Art as agitprop

Banksy graffiti in Bethlehem. Credit: Eddiedangerous. Source: Wikimedia Commons

Artivism: The Battle for Museums in the Era of Postmodernism
Alexander Adams, Exeter: Imprint Academic, 2002, 201pps, pb., £14.95

Ars gratia artis – ‘art for art’s sake’ – was the motto of the Metro Goldwyn Mayer studio, seen at the start of their films, surrounding their logo of a roaring lion. MGM was of course mostly interested in money, but that redolent motto evokes one of the major modern philosophical debates – should art exist for its own sake, or should it be seen more as a means of social change? It is Alexander Adams’ contention that today art is too often seen as the latter, to its and our detriment.

All art is a reflection of the society in which it was created, and from its inception has been deployed to make political points, or demonstrate dominance. The Parthenon shows how artistic genius can be wielded in the service of a political idea – the perfectly proportioned building an architectural analogy of a supposedly harmonious state. Emperors and monarchs everywhere were cast in profile on their coinage, their mettle embodied in the metal of the money, making coin clipping or counterfeiting not only theft, but even a kind of lèse majesté. Medieval monarchs, nobles and the Church commissioned paintings and tapestries whose excellence and imagery bolstered patrons’ prestige, boosted their interests and helped shape the way viewers perceived the cosmos.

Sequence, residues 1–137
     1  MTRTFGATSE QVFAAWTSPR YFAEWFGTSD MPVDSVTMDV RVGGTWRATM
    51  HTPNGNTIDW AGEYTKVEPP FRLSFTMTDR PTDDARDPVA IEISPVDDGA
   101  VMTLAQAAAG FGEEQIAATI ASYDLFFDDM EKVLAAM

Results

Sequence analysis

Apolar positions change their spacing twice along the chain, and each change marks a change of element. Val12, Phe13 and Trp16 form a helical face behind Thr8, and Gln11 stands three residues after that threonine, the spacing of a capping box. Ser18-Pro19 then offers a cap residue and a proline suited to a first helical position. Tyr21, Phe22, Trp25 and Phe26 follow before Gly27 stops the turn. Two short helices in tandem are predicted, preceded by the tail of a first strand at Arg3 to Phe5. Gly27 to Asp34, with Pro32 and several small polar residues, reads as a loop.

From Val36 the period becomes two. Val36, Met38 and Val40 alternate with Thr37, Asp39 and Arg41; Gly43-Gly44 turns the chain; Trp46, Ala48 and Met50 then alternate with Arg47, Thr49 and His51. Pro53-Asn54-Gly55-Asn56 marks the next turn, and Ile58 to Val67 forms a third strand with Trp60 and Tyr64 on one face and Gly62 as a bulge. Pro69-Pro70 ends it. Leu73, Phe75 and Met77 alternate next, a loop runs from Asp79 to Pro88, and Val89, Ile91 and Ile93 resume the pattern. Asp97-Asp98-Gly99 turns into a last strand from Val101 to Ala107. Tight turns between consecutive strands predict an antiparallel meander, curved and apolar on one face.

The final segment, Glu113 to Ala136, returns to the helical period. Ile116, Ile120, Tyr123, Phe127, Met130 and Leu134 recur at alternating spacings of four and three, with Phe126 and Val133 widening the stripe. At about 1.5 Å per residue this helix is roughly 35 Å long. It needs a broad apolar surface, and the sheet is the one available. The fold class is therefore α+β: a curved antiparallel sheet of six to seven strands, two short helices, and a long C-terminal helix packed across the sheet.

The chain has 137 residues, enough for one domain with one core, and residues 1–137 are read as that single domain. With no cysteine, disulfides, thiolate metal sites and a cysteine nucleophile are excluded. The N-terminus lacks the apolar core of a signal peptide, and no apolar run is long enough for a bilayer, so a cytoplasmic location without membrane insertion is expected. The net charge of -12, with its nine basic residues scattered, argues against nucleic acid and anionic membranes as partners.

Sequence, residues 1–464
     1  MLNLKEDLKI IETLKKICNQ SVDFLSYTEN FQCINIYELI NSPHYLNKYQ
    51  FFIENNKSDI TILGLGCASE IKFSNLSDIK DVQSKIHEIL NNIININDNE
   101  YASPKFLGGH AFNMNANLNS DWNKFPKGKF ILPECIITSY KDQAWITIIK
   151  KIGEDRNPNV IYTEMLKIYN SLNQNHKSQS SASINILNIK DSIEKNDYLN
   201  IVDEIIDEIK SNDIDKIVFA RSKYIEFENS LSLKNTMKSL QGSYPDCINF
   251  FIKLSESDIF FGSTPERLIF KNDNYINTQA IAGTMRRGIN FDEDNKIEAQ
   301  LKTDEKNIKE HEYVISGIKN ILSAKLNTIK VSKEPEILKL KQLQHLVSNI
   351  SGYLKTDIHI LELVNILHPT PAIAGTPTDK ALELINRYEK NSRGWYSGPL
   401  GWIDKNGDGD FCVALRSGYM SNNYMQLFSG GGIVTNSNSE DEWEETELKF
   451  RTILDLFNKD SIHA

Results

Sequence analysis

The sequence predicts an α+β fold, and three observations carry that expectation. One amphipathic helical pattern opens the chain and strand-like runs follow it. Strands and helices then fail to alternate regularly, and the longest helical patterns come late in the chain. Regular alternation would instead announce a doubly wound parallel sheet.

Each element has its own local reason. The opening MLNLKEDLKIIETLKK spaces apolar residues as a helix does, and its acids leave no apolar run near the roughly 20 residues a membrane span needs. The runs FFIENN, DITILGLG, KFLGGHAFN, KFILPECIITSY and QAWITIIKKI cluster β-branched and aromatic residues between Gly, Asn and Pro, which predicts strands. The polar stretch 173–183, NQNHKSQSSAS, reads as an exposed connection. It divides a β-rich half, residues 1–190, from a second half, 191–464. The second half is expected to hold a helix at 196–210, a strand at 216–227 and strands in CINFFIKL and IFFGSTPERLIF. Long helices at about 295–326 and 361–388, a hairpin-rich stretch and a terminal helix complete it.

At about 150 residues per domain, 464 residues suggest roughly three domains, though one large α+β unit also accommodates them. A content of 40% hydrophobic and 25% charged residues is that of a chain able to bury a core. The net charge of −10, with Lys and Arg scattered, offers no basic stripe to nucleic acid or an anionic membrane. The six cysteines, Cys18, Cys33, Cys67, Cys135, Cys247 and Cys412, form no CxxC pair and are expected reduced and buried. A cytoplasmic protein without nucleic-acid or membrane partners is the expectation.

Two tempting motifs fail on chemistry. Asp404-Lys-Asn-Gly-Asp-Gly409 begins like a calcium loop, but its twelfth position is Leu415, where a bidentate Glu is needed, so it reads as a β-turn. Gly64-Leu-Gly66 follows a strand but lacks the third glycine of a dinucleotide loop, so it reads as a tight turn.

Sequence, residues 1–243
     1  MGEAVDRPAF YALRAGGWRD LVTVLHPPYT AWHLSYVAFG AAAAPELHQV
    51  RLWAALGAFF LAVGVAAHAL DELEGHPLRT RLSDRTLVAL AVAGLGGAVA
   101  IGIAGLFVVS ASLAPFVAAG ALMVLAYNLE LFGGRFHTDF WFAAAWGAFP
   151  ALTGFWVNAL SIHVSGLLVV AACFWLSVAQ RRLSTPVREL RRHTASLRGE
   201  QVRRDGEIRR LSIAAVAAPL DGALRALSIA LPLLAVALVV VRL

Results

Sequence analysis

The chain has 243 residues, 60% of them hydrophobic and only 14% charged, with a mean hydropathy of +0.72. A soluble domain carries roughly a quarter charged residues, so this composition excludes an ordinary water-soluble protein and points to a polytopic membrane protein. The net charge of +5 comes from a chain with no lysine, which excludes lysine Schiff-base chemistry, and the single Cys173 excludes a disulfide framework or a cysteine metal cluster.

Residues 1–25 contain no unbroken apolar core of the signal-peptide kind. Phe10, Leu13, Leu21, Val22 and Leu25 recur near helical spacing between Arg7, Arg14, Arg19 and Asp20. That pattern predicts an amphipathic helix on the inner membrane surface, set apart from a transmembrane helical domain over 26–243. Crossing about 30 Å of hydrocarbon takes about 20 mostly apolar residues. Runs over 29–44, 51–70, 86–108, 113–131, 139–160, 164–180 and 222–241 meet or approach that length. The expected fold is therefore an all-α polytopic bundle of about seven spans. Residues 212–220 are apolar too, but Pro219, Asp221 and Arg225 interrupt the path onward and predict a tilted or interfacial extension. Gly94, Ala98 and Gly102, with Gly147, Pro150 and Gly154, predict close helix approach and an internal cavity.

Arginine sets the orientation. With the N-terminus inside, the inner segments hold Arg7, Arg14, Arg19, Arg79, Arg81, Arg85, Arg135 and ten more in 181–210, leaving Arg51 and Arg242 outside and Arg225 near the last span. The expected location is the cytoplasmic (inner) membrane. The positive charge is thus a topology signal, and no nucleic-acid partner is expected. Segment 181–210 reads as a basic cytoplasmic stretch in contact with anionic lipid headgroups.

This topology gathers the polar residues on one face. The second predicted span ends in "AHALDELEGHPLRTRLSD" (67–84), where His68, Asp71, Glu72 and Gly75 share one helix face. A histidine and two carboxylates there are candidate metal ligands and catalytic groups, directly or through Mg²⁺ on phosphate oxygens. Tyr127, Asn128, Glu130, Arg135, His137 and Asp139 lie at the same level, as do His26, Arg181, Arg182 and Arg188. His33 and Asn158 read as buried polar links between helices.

But these productions were seen by very few people, mostly peers of the patrons, who shared an understanding of an artwork’s deeper aspects – aesthetical, allegorical, documentary, historical, iconographical, and technical. With the arrival of public galleries, libraries and museums from the eighteenth century on, the scope for social messaging – and the ever-present temptation to lecture – became correspondingly greater. Artists, especially Victorian ones, increasingly produced works highlighting private preoccupations – such ills as alcoholism, poverty and suicide – which partly in consequence became more generic concerns of steadily democratizing societies. Some artists, like the French Revolution-supporting Jacques-Louis David, had world-upturning agendas (although others, like Eugene Delacroix, were conservatives), and captured them on canvas to edify their ages, and ours. Adams is strongly in favour of publicly accessible art collections, but they always carry risks of capture by motivated minorities using the status of art to promote pet agendas.